There’s a desire to slip inside the news stories that dominate our attention, to experience (and not just vicariously) the white-knuckle drama, the fear, the anxiety. Is it a factor and function of the social media age we find ourselves living in? Is this age really so different from the dawn of the 24-hour news cycle?
That question, I suppose, is what makes Paul Greengrass such a fascinating filmmaker. I would compare him, oddly enough, to Terrence Malick, which sets up a curious and seemingly conflicting study. Malick loves the untamed, uncut beauty that dares to wander into his field of vision and he’s willing to chase it at the expense of the scripted narrative that has been prepared or commissioned. Greengrass, on the other hand, wants to cover every aspect, to pack everything in — not just into the frame, but the narrative moment — and he uses editing to overload our senses with the information or hints of detail. Each of these filmmakers, though, has found a way within their very different processes to achieve a sense of poetic expression. And a visual lyricism takes shape in their work that connects them on a much deeper level.
Casual moviegoers witnessed the last two films in the Jason Bourne franchise, the two installments directed by Greengrass, gripping the armrests as he teleported them around the globe and into intimate and unfamiliar spaces cramped with bodies inflicting severe harm upon one another. It seems likely that he shot endlessly, take after take of hand-to-hand combat, choreographed down to the most minute detail, but then jarringly cut and pasted into a feverish blur, creating repeatedly the sense of life flashing before your eyes.
He was at it again with United 93, but this time, the stakes were higher.
This was real world terror, a national moment of crisis still immediate and tender to the touch. Greengrass was obviously more than aware of that fact, so he applied his skills and vision to creating a hyper-realized recounting of the events. He took us into several key locations in what seemed like real time, toggling back and forth like a seasoned news crew covering a live breaking event as information started to trickle in, as the frame came into focus. At the last moment, he dared to lock us into one space — inside the one plane that failed to reach its targeted destination — and it was here that he gave us only what we might imagine happened; no one knows for certain.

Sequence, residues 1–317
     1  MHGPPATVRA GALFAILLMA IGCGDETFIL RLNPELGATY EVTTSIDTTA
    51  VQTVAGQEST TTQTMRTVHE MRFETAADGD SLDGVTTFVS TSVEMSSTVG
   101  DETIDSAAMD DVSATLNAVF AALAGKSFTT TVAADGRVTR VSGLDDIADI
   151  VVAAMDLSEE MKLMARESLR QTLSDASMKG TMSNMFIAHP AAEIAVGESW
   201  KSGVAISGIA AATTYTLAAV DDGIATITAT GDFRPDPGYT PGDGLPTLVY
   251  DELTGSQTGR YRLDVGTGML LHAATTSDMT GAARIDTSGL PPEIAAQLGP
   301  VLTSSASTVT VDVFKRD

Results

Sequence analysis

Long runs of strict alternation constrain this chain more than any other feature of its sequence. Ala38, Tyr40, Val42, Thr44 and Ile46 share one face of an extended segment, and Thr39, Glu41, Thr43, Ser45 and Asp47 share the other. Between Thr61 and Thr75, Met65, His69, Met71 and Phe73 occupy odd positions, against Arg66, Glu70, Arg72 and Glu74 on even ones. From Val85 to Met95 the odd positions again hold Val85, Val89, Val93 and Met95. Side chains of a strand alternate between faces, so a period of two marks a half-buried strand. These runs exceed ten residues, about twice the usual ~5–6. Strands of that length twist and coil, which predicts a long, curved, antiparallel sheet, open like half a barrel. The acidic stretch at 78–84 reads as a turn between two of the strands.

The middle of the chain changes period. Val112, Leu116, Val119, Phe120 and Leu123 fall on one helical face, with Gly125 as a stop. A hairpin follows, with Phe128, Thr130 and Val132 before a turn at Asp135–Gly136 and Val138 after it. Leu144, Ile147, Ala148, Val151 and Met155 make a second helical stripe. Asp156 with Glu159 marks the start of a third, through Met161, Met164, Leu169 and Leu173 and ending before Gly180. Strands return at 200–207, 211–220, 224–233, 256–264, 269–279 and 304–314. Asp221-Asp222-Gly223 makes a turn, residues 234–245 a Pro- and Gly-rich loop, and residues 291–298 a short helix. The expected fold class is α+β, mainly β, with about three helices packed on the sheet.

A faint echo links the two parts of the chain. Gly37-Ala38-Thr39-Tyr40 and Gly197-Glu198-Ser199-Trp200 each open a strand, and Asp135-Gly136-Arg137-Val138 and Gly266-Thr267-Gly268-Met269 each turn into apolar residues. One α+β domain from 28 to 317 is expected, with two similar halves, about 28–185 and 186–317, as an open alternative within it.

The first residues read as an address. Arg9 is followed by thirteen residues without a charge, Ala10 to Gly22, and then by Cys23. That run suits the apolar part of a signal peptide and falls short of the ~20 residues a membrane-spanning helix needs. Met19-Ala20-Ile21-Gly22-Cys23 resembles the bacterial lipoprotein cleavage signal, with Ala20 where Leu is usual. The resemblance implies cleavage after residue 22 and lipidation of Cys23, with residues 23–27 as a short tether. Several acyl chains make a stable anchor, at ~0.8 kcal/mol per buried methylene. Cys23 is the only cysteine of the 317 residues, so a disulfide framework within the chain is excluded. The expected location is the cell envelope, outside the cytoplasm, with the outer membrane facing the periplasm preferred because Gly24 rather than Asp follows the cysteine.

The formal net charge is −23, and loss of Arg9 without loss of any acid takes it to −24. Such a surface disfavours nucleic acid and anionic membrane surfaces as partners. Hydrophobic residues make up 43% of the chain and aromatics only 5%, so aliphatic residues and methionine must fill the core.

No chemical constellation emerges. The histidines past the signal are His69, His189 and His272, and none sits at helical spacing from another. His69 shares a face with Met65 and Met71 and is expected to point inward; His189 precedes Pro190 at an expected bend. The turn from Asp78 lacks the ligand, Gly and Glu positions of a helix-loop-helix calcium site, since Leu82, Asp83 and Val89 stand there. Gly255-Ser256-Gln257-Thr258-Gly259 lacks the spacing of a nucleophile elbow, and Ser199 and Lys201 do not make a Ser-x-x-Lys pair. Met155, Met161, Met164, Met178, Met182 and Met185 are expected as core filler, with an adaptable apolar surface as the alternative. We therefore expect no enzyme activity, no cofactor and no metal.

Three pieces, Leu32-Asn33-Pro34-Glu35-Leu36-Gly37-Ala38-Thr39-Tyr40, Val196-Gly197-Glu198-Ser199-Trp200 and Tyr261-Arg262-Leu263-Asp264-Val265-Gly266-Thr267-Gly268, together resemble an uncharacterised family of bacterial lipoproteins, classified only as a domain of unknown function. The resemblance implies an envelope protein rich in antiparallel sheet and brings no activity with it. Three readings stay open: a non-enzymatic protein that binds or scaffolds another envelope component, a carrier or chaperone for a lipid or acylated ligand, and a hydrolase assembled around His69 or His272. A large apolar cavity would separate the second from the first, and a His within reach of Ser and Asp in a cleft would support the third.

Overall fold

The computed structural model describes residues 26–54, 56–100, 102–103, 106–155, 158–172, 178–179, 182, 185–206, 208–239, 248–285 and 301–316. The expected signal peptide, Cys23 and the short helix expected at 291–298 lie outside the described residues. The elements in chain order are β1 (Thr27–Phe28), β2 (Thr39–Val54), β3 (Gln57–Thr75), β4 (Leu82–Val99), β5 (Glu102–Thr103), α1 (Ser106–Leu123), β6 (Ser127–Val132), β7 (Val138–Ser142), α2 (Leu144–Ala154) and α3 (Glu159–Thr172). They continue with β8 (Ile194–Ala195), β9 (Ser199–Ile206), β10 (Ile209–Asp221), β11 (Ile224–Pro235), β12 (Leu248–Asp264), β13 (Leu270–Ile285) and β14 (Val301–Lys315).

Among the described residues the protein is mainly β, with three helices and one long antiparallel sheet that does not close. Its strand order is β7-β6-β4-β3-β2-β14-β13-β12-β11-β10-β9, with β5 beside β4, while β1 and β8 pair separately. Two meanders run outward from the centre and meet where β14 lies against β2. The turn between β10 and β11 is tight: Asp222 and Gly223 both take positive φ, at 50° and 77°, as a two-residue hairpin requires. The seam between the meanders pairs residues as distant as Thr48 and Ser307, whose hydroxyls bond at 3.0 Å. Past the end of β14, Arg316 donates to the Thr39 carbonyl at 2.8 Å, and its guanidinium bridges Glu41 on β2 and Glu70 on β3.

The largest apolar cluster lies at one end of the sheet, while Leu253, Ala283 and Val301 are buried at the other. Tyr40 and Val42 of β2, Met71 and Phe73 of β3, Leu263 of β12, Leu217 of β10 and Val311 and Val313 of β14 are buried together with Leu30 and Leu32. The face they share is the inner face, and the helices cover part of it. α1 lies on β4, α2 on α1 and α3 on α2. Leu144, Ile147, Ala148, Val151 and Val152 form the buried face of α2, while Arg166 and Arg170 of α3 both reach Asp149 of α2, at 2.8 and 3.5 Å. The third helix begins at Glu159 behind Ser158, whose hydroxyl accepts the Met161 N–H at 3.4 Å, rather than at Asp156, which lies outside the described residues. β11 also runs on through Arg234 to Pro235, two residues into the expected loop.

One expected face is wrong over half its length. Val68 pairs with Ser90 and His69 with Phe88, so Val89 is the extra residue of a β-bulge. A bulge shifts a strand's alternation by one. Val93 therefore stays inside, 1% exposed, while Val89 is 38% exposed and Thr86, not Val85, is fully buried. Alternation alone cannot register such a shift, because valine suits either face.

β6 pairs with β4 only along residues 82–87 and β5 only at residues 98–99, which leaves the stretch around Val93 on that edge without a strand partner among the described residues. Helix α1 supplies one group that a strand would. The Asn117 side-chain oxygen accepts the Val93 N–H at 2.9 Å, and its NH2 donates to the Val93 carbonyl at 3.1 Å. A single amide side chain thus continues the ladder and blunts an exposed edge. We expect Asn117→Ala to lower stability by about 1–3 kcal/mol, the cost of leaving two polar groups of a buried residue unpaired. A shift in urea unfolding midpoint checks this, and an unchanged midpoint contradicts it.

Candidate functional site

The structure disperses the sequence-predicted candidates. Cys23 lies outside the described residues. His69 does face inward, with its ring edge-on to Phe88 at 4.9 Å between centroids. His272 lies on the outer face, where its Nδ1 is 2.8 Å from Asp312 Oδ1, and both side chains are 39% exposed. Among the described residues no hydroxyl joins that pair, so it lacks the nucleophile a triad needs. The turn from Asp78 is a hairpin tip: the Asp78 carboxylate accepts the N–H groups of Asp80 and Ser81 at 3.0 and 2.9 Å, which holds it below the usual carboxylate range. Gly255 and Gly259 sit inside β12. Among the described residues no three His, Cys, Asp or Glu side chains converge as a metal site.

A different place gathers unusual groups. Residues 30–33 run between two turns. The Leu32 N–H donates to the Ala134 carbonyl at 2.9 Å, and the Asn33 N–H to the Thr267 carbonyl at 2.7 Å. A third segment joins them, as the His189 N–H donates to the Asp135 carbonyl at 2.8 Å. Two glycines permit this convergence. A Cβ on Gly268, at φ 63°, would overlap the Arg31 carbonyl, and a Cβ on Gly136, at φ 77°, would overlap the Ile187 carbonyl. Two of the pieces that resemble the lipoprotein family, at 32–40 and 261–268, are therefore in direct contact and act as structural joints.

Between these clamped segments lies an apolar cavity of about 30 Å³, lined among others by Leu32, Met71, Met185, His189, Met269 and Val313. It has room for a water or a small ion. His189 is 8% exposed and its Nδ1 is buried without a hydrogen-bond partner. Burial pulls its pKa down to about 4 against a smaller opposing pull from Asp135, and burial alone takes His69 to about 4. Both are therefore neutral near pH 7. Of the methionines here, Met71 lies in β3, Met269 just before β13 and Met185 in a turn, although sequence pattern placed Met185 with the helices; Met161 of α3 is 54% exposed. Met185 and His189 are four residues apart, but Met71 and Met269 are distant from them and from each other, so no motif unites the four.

And that is what he does again with Captain Phillips, the retelling of the Somali pirate hijacking of a cargo ship sailing under the U.S. flag from 2009. This story is distilled, quite naturally, by having fewer outside perspectives to consider, so the movement between them feels more fluid, but what takes shape here is a narrative that mimics the claustrophobia of the second half of United 93.
After the briefest bit of narrative establishment — Captain Phillips (Tom Hanks) at home prepping to leave for his latest assignment and his wife (Catherine Keener) dropping him off at the airport — the by-the-books sailor runs his crew through their paces sensing, it would seem, that something lurks on the horizon. That something would be Somali fishermen/pirates — men with no other options available to them but to hustle and hijack or die. They exist in a primal dynamic that unfolds like lethal social Darwinism where only the hungriest and fittest survive. To look into the eyes of Muse (Barkhad Abdi), the captain of the small skiff team that ends up boarding Phillips’ much-larger cargo ship, there is no doubt that this man, this leader, has the will to do whatever is necessary to survive.
As intriguing as the faceoff between Captain Phillips and Muse eventually becomes, there is never any question that the man at the helm here is Greengrass. Imagine, if you will, United 93 as a snapshot of social media, Facebook and Twitter feeds constantly updating within a given moment until the information can be distilled, tightly focused down to an essential thread of activity. Captain Phillips breaks that notion down, starting off with a much more contained exchange, which is then atomized to the level of emotional instinct before a rebuilding begins, to bring us back to human context. In Captain Phillips, Hanks goes on that personal journey, but it is Greengrass who maps out and expertly documents the arduous course step-by-step. (Opens wide Friday) (PG-13) Grade: A-
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